Sustainable Energy at CEEP
A transformation of the world’s energy systems is underway, with the current architecture not likely to last more than a few decades into the new century. Existing reliance on fossil and nuclear fuels is giving way to an emerging solar economy and society as renewable energy sources record the fastest growth rates in meeting global energy service needs.
The policy challenge is fundamental: Will we send forward a legacy of energy waste and injustice? Or will we recognize that cheap energy is simply a form of subsidy to the status quo at the expense of future generations, and instead take the necessary actions to build a sustainable and equitable energy regime?
The costs of cheap energy include acid rain, air pollution, adverse water quality impacts, the build-up of long-lived radioactive wastes, enduring energy-based economic inequalities, and widening security threats. These ‘hidden’ costs are becoming unacceptably high, leading many to question the traditional ‘grow and build’ strategies involving fossil and nuclear fuels. Instead, energy conservation, improved energy efficiency, and a shift to renewable energy development increasingly represent the most promising tools for our energy future. A priority of the new sustainable energy paradigm must also be removing the global inequalities associated with current energy arrangements. For both North and South, the ‘soft energy’ path, first synthesized by Amory Lovins in 1977, offers our best hope for a different social and environmental future.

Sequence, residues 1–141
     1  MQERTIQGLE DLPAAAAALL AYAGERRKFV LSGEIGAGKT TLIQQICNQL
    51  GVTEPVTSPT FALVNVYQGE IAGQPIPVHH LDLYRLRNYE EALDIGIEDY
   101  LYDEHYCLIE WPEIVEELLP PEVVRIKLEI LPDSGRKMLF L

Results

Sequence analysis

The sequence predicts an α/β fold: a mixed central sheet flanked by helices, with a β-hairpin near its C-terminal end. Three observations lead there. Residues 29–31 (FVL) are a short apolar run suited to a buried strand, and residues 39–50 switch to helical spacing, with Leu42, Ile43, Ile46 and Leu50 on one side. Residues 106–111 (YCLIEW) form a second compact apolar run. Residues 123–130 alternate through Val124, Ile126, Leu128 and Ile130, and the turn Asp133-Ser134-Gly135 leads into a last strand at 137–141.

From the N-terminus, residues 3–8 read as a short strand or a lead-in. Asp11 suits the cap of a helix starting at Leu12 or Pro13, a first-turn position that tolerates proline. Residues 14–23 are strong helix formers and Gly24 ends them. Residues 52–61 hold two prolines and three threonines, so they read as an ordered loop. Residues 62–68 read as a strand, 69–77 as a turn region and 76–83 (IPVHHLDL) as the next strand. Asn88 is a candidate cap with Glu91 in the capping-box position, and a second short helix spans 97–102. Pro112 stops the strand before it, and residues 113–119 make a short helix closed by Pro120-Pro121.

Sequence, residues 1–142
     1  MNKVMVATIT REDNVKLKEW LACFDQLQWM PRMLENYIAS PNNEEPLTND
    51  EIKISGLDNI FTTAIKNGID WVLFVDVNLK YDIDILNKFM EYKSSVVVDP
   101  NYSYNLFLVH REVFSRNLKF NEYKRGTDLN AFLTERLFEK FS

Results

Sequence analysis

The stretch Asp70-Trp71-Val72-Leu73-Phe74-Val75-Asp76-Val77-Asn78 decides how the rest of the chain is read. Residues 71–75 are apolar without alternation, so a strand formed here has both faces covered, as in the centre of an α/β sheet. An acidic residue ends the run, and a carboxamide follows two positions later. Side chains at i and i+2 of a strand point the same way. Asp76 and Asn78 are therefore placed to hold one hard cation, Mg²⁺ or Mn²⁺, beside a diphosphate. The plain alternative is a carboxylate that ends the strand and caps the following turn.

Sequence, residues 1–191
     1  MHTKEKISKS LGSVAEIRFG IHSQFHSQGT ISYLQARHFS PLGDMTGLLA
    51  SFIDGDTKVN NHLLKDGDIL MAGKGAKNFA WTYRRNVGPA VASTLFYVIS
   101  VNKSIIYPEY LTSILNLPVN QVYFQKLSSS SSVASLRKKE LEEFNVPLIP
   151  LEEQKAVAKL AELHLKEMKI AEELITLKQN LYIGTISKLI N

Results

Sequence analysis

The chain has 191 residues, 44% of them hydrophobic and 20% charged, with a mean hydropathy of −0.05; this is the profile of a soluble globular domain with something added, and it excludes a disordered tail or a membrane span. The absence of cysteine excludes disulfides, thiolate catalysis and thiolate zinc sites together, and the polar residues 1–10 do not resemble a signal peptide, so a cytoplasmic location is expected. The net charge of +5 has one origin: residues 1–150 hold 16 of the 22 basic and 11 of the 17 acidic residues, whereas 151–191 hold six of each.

CEEP has been a leader in this policy field for over 20 years, undertaking scholarship, organizing graduate studies and conducting research in the US and around the world, with a particular focus on the political economy of energy-society relationships. Issues addressed by CEEP include: energy for sustainable development, energy and developing countries, environmental and social assessments of energy policies, the role of energy in climate change, the political economy of nuclear power, community-scale energy planning, and the requirements for energy justice. Graduate coursework, research projects and policy initiatives have examined experience in Asia, Africa, Europe, the Caribbean and the US in an effort to build an international understanding of, and agenda for, sustainable energy development.
Graduate Study in Sustainable Energy at CEEP
Reducing demand of some bioenergy crops can reduce GHG emissions: WRI ReportA new WRI report observes that some bioenergy crops such as corn-based ethanol are inefficient in supporting global energy demand and can increase carbon emissions.
Water: An additional reason for rapid deployment of sustainable energy technologiesWe don’t always know the worth of water until the well runs dry or unless we live in drought-stricken parts of the world.
Solar power competitive in 42 of the 50 largest U.S. citiesUrban homeowners can find it cheaper to invest in a fully financed solar PV system than to purchase electricity from the utilities in 42 of 50 as America’s largest cities.
Electric motorcycles and carbon emissionsOil companies use many GHG emitting processes in addition electrical power to drill, extract, refine, transport and pump that fuel before it ever ends up in a conventional car’s tank.